'Motorway Schools' at 100m2


100m2 is a raw, white-washed space open to ideas. Certainly it is no neutral space: and much of the work shown there in the last six months has had to struggle simply because the artist concerned has failed to recognise the particular properties of the gallery. Julian Dashper spent a week just sitting in there, working out what he had that might continue to 'work', to make its point, given this space. The work that became the 'show' was finally given form during that week - a discussion of an aspect of the artist's experience as suggested and worked out by the state of that space.

JULIAN DASHPER Motorway Schools: Sequence 1 1980
Polaroid photographs

Walking up to the gallery, you become aware of loud swooping roars coming from it. So you walk in to this sound and work out that it is coming from the loft. Maybe it's aeroplanes- Then you see the show's title quik-stuk to the walls and realise it is the sound of the motorway. There are some small polaroid triptychs stuck around the walls at eyelevel, pulling you in for a closer look; and they are of schools. There are four sets of three polaroids: three of them share the same image (of a group of standard State Schools: Nelson Blocks) and are framed within old, bricked-in windows. The fourth, of another school, sits out on the wall proper, announcing the enclosed unit of repeated visual facts you have to work with.

Ultimately, you come down to one image for a closer look, the scale of polaroids holding you close to the wall. Three polaroids, three glances outlining the mechanics of visual fact, stretching the image between them. By now they've been relaxed of any uniqueness of image, any need to be 'worked out', so they revert to the level of being an ambient trigger, eye-food to keep you busy while the sound track zooms slowly back into mind. O.K.; so you've got the image and sound working together, linked already in your mind by the title at the door. Gradually the sound moves down from the ceiling behind you and into your head, led by the implication that where you stand is where the camera was, maybe where the motorway is. Then, inevitably, if you stay put long enough, the sound moves into the image - in the same way as we reconcile dialogue from a distant speaker with moving lips on a screen in front of us, no questions asked.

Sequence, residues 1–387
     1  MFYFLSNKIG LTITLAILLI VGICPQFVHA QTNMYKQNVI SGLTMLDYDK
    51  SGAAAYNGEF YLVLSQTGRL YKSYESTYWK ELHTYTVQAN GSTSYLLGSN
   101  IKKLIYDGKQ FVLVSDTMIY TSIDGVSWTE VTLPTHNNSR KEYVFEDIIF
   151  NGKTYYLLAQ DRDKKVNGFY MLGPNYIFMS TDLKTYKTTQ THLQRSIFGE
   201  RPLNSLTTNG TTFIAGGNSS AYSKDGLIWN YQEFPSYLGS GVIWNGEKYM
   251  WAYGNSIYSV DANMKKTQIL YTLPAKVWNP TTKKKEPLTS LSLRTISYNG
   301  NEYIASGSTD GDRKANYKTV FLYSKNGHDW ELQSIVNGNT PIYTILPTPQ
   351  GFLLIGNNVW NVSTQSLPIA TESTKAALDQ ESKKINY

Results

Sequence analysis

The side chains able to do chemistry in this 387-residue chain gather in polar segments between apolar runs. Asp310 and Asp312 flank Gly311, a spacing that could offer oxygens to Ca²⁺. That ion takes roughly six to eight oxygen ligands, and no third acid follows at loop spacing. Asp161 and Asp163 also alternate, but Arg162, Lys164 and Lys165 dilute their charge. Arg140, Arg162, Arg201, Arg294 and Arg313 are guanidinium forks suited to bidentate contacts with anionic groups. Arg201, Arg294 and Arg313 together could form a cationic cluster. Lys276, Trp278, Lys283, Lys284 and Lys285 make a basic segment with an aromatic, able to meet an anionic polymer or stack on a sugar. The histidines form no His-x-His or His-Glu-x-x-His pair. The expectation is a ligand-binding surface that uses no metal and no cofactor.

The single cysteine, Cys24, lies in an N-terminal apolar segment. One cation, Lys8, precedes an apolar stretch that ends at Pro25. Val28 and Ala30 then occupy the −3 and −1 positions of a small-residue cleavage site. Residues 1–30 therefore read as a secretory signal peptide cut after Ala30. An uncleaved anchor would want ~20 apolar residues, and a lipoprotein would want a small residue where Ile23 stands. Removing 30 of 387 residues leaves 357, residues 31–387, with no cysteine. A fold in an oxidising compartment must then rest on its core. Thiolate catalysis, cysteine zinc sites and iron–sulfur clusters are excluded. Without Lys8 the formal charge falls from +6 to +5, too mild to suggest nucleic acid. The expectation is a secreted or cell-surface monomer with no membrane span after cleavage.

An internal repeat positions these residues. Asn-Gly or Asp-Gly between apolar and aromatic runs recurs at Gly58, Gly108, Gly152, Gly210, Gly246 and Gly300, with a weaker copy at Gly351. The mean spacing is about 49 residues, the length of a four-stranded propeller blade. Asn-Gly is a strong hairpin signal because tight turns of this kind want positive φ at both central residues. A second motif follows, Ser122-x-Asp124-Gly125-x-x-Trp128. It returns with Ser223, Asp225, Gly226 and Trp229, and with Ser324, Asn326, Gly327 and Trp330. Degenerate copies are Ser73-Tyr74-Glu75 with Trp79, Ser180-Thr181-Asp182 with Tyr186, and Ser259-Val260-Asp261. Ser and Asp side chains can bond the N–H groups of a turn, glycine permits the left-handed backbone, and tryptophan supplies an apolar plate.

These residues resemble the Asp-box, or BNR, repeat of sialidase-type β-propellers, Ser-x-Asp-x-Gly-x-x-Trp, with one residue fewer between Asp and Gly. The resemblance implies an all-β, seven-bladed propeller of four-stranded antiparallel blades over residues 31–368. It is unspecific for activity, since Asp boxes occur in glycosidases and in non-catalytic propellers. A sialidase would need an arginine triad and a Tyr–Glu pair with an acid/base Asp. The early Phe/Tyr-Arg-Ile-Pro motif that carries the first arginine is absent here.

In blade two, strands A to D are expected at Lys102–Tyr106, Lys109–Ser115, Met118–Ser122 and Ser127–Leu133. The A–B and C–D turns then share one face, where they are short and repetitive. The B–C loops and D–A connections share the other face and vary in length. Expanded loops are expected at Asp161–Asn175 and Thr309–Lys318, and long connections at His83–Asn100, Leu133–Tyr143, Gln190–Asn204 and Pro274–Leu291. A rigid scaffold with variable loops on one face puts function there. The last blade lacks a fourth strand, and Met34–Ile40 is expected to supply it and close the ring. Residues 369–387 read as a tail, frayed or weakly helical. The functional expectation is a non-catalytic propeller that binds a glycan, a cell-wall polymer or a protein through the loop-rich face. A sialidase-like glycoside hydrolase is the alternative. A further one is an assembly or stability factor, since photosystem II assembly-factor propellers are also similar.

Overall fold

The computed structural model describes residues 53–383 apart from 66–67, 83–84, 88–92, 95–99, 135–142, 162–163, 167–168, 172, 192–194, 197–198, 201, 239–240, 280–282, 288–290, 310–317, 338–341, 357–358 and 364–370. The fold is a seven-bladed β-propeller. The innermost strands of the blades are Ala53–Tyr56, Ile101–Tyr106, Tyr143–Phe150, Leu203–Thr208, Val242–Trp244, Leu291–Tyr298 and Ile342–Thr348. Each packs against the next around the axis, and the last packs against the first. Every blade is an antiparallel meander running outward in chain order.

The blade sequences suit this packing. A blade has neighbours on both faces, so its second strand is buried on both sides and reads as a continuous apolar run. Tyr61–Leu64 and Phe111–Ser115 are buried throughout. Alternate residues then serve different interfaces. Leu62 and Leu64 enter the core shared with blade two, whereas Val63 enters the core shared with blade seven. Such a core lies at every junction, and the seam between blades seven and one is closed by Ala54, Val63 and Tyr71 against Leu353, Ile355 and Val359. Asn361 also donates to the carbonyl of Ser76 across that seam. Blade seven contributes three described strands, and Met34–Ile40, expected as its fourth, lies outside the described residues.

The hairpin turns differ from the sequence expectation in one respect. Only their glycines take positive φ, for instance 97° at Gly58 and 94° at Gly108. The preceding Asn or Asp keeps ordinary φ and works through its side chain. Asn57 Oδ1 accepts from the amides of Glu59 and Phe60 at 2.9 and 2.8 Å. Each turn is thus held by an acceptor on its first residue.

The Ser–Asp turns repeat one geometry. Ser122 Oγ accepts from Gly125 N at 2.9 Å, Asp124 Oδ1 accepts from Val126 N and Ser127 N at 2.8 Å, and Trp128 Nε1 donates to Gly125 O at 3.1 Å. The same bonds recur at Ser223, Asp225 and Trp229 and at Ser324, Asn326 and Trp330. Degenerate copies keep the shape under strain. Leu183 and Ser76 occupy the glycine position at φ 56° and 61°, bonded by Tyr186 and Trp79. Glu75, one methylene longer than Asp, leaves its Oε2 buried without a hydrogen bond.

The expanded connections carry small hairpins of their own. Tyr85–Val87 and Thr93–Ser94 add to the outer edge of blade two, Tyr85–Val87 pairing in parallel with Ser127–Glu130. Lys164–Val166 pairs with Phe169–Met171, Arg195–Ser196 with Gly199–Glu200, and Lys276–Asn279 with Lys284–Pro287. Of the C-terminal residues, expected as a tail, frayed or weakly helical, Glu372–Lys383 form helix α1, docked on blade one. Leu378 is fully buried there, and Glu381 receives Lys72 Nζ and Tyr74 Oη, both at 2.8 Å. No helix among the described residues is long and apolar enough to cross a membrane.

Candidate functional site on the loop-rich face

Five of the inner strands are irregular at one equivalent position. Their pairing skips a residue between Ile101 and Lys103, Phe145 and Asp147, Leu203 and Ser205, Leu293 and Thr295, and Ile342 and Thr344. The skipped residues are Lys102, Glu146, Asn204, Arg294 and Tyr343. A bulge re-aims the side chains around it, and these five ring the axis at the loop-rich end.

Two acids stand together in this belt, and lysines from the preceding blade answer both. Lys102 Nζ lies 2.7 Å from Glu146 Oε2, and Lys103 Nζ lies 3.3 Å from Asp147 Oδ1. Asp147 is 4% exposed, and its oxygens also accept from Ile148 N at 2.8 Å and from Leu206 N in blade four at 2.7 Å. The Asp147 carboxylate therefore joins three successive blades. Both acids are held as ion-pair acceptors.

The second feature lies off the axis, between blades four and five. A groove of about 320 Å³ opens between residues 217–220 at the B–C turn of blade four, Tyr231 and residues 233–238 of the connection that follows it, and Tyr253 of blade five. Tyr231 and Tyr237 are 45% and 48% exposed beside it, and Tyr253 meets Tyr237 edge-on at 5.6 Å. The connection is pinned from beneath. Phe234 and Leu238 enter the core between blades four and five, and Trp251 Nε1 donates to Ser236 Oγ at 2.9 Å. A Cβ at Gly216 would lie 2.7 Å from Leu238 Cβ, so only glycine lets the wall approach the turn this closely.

JULIAN DASHPER Motorway Schools: Sequence 2 1980
Polaroid photographs

So you've now got this silent roar of the motorway coming out of the raw silence of these schools. Of course if you didn't go to a State School it might not mean too much; and even if you did the image may trigger off countless personal emotions: but the overwhelming effect is of a threatening stillness, based on a strong sense of empathy on the part of Dashper. Standing looking at these images framed within bricked-in windows, you see something of yourself - not just part of your past, but part of your present and future too. Therein lies the threat perhaps. You put your eyes in that school, looking out the window at people going places; you stuck in there. Three views of the same image, the same school. Maybe that's one for each year until you're fifteen - old enough to leave, old enough to learn to drive. The chances are that in a couple of years you'll pass the school and remember those days - you were still going to get somewhere. Walking between the images you get some sense of driving past either the same school every day or one after the other, the length of the country.

Installation of Julian Dashper's Motorway Schools at 100m2

There are those who say (and they said it of this show) that an idea such as the repressive, negative nature of the New Zealand education system is too simple in itself for an 'artist' to bother with. Dashper provided space for an honest communication to take place, setting up a banal issue in such a way as to remind us of its real nature. If you remember the significance the image of your school took on when you drove past it on a day you should have been there, you'll have some idea of the awesome, raw and threatening image of Education Dashper allowed to present itself. Executed with a confident simplicity, the installation used the gallery space more sympathetically than I have seen it used before, allowing its essential nature to amplify the show's over-all effect rather than over-ride it. 100M2 is rapidly turning into one of Auckland's most vital art spaces: being as it is the only one with ready access for younger artists such as Dashper and his many Elam colleagues who have already made use of it. It should be on everyone's weekly visiting list.

Originally published in Art New Zealand 18 Summer 1981